Online website security scan
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An Examination of Web Site Security Issues
An unfortunate fact is that there are many ways in which web site security can be endangered. Security hazards exist which may have an effect on Web servers and LANs (local area networks) on which Web sites reside, even by the ordinary use of a Web browser.
Web Masters come under fire when managing the most dangerous risks. As soon as a Web server is set up at a site, a porthole materializes in the local area network through which anyone using the Internet can peek. Certainly, most website visitors see no more than what they're meant to look at, but a few endeavor to uncover elements of the site that aren't intended to be discernible by the rest of the world. Dishonest visitors would like to do other than simply look; they try to unlock the window and creep in. The damage they could cause might be mere vandalism, for instance replacing the web site's home page with theirs which might say or put on view anything, or else it could be larceny, like gaining possession of a customers or sales database.
It is difficult to elude the virtual certainty that complicated computer software has bugs. No matter how scrupulously it is tested, there exists typically a particular pattern of events or user actions, even if it may come about hardly ever, that creates an error. Computer software bugs produce flaws in system security. A Web server is complex software which can quite possibly contain a security opening.
It's not just the complexity of a Web server that can produce a glitch, but also its open architecture. Consider a CGI script as an illustration. A CGI script may be run at the server in reply to a remote request from a client. This could be a request from an application or even the click of a button in a browser. If the CGI script contains a bug, there could be a danger of a security violation.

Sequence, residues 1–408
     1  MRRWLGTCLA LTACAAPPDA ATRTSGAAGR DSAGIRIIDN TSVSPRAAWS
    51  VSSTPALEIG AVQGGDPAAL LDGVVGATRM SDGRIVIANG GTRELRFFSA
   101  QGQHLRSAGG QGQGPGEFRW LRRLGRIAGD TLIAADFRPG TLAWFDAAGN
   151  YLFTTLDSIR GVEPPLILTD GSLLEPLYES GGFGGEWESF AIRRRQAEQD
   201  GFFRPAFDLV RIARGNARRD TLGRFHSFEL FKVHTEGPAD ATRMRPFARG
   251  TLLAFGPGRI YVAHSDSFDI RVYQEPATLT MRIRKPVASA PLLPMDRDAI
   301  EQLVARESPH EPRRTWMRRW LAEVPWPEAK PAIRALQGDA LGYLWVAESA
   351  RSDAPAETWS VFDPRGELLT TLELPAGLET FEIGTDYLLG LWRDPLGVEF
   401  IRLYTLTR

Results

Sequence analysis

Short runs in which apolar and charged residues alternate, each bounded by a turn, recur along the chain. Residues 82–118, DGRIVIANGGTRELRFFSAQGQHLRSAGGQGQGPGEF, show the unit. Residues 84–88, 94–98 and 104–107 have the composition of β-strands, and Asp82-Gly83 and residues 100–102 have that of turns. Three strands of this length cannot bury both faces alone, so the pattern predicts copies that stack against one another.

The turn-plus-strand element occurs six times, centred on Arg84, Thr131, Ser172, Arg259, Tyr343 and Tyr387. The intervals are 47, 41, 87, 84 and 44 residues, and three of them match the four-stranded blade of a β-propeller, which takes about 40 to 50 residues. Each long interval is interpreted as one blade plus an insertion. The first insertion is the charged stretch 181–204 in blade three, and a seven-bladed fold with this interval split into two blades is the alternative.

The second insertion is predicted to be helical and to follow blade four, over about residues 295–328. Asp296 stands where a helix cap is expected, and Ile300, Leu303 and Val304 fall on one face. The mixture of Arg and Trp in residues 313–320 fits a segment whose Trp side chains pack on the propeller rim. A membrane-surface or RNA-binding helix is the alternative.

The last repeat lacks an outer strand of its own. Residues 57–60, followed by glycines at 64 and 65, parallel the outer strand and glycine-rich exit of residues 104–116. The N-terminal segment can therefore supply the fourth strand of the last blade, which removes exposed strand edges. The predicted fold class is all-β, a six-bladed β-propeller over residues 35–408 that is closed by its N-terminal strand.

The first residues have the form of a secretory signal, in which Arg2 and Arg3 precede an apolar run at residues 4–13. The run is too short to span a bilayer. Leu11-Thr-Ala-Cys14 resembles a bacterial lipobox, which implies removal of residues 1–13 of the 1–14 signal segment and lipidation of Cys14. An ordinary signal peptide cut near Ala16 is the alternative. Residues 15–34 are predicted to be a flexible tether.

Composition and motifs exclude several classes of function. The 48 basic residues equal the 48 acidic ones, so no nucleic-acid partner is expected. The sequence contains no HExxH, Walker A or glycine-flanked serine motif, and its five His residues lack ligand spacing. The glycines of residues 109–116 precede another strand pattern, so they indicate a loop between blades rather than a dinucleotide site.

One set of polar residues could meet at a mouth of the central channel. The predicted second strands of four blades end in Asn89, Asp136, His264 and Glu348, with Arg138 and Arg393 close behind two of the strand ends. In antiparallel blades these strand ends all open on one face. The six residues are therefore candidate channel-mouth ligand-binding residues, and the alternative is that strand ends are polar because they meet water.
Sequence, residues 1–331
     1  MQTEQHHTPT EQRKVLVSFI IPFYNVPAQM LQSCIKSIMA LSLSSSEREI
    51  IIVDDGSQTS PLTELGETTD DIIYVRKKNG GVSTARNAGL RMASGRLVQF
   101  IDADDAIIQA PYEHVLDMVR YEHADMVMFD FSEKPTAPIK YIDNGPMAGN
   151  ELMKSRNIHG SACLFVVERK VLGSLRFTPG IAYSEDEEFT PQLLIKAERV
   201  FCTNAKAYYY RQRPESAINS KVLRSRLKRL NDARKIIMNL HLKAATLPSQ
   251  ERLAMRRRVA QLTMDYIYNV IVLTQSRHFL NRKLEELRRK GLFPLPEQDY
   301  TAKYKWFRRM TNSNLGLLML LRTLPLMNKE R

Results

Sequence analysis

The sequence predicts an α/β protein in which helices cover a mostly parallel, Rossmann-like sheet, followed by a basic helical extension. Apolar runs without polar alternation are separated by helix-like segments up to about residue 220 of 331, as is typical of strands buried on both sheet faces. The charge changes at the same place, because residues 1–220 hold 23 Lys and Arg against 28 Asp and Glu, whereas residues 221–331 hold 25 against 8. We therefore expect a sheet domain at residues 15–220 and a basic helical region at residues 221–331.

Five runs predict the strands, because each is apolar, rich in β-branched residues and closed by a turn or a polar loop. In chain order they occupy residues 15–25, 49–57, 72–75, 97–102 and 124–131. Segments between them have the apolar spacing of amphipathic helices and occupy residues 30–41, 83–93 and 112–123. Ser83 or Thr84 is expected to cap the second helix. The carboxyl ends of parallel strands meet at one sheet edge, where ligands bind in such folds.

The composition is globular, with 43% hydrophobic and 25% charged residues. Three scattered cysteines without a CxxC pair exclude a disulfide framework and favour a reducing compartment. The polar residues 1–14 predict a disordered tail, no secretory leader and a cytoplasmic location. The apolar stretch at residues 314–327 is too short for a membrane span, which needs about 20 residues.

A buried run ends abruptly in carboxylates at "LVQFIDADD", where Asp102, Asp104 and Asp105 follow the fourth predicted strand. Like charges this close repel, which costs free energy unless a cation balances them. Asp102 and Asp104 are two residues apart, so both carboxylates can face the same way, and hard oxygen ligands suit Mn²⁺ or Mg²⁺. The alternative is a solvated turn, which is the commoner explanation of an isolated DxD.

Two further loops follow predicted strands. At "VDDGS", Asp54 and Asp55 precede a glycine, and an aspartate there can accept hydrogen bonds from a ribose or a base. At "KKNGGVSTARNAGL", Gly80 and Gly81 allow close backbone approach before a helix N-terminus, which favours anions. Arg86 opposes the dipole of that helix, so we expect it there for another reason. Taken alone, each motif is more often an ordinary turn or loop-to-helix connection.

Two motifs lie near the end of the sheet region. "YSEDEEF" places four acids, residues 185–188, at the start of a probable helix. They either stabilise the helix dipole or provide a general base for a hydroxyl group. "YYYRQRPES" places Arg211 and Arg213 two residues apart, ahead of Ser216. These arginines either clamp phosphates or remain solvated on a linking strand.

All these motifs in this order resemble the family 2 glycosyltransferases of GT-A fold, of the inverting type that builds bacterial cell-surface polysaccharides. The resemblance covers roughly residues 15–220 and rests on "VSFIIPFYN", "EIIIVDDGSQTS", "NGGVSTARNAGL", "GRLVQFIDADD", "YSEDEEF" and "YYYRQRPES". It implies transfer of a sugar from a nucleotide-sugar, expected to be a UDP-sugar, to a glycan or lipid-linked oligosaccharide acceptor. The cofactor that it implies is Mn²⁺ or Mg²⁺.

Network Administrators also have to tackle problems from Web servers because of the danger they pose to the security of the local area network. Although there should be no unauthorized intrusions, right of entry has to be given to website visitors. This means that access to the network must be regulated. The Administrator therefore must perform a delicate balancing act. Even the most sturdy firewall may be breached if the Web server is configured poorly. Concomitant with this constraint, normal use of the web site can be unachievable if the firewall is configured badly. Attaining a perfect solution is even more difficult if an intranet exists as a constituent of the system. Typically, the Web server in that case needs to be configured to recognise and verify domains and user groups, which are apt to have varying permission levels and access privileges.
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Almost everyone using a browser to surf the Net think that they are doing it in secret and safely. It is not so. Web browsers can execute self-contained software programs on the local machine which are hosted by a web site. Modern browsers display a notice and ask consent to run these kinds of programs. Well-known generally as "active content", e.g., ActiveX controls or Java applets, these programs, if malicious, may easily deposit a virus or other dangerous software on the browser user's computer. When it is in the system it can inflict all kinds of havoc and may be exceedingly tricky to delete.
This is also a worry for Network Administrators. Web browsers supply a route for potentially malicious software to seep all the way through the local area network's firewall. As soon as it is in the system, the damage it may cause can extend from secretly gaining possession of confidential data to wilful demolition.
Aside from the problems in re active content, simply surfing the Internet leaves a trail of the user's activities in the browser's history. This might be used by web sites and installed programs to create an exact report of the user's behavior and interests. Although this might be frowned upon as an invasion of privacy by some people, it can be beneficial by supplying appropriate content without delay, thus unburdening the user of the chore of looking for it.
Secrecy is a topic that worries not just browser users but also Web Masters and Network Administrators in the actual transmission of data via the Web. TCP/IP (Transmission Control Protocol/Internet Protocol) is the basic language of communication for the Net. When it was formed, security wasn't the principal aspect of its design. Both network and Internet transmissions should therefore not be thought of as as automatically private. Whenever the browser on a local computer downloads a sensitive document from the remote Web server, or the browser user completes a form with confidential information and clicks the 'Submit' button, the transmitted data could be intercepted without consent.
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